The Syrian Electronic Army hacking group have recently attacked the commenting platform Gigya, implementing popups in popular news websites such as The Independent - starting as of early this morning.
The affected websites include large-names such as The Telegraph, CNBC, PC World and The Chicago Tribune. According to Patrick Salyer, Gigya's chief executive, these hackers were able to alter the 'whois' domain registration record for Gigya.
The hackers proceeded to redirect Gigya by putting it under the control of a different DNS server. This was then configured to send the providers content delivery network to a server controlled by the hackers, displaying alerts on these delivered websites explaining that the Syrian Electronic Army had taken control.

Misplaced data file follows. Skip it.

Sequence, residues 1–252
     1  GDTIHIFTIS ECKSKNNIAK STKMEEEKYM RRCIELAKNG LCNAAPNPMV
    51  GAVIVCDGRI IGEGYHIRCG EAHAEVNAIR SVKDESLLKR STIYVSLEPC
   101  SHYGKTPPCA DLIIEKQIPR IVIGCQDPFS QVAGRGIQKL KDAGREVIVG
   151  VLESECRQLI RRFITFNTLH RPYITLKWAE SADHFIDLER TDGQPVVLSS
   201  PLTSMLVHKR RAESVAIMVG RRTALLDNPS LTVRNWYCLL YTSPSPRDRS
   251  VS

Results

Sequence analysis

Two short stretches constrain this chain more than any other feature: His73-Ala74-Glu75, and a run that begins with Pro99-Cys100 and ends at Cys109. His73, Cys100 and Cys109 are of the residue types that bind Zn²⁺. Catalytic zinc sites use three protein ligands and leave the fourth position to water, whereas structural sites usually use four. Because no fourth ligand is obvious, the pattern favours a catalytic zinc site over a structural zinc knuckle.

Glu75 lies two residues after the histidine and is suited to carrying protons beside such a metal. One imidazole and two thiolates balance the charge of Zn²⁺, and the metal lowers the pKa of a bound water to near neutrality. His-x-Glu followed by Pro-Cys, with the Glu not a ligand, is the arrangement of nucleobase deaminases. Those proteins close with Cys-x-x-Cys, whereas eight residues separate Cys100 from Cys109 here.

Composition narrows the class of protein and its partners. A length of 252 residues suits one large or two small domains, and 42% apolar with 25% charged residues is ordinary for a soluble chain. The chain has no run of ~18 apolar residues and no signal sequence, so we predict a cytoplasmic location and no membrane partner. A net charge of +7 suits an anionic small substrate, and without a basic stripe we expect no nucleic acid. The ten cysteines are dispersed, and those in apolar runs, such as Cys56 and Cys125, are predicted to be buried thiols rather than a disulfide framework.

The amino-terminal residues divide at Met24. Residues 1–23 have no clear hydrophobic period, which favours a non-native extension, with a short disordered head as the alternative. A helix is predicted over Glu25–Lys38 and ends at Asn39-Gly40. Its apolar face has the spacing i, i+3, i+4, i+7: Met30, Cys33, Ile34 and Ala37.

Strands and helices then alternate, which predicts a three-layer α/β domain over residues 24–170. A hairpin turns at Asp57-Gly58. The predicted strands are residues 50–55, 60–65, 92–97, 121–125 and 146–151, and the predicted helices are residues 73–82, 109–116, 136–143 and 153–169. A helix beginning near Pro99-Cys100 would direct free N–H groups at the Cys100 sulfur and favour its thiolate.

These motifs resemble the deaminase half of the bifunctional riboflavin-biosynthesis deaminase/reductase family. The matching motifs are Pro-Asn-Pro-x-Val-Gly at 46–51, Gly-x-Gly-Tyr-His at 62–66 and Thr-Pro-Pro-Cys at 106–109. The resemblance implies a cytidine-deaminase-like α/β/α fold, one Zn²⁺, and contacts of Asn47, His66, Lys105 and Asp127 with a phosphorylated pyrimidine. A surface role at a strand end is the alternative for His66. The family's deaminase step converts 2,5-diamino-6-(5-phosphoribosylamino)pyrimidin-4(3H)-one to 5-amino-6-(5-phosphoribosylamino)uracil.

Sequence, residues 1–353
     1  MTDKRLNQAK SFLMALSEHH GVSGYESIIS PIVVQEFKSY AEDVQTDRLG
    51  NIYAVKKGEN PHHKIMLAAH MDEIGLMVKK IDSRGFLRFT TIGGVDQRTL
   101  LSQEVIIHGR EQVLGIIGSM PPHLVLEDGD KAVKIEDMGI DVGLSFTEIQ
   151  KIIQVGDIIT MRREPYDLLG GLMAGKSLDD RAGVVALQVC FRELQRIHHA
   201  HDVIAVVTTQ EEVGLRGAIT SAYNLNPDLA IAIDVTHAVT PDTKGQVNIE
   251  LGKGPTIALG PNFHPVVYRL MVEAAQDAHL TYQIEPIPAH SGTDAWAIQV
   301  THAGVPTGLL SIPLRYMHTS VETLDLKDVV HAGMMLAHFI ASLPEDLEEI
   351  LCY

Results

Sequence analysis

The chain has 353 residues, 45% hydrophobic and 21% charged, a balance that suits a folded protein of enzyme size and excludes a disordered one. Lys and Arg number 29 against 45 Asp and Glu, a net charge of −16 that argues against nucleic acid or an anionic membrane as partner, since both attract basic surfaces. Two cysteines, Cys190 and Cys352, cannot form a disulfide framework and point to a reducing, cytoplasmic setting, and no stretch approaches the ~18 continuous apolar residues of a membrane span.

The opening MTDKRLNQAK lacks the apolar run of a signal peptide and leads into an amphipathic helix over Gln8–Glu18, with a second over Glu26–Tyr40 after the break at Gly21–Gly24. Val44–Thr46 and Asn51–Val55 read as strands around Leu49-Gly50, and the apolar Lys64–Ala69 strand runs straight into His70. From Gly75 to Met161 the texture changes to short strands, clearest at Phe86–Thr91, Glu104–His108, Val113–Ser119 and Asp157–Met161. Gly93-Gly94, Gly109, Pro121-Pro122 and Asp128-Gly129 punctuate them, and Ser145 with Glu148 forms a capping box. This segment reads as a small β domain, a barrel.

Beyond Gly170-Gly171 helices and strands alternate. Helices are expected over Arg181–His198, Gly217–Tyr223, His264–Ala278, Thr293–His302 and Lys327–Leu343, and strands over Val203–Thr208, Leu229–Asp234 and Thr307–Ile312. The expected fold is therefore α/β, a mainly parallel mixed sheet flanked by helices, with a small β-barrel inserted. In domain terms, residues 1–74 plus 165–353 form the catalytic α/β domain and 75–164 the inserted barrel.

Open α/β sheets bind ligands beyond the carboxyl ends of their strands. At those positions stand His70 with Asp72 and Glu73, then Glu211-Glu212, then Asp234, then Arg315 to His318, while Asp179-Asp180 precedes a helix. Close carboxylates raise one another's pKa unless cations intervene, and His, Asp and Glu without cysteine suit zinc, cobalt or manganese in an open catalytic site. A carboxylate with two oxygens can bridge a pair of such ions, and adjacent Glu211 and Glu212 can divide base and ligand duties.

Salyer has stated that this hacking issue is only to do with the content network, further claiming that no sensitive data was lost in the attack and the Gigya platform has remained safe. Alongside this, Gigya has rectified the issues and corrected their DNS pointers, reverting business back to normal.
In the past, this group of hackers has been rumored to be linked to Syrian dictator Basheed al-Assad and have carried out attacks on high-profile online companies such as Paypal and Microsoft.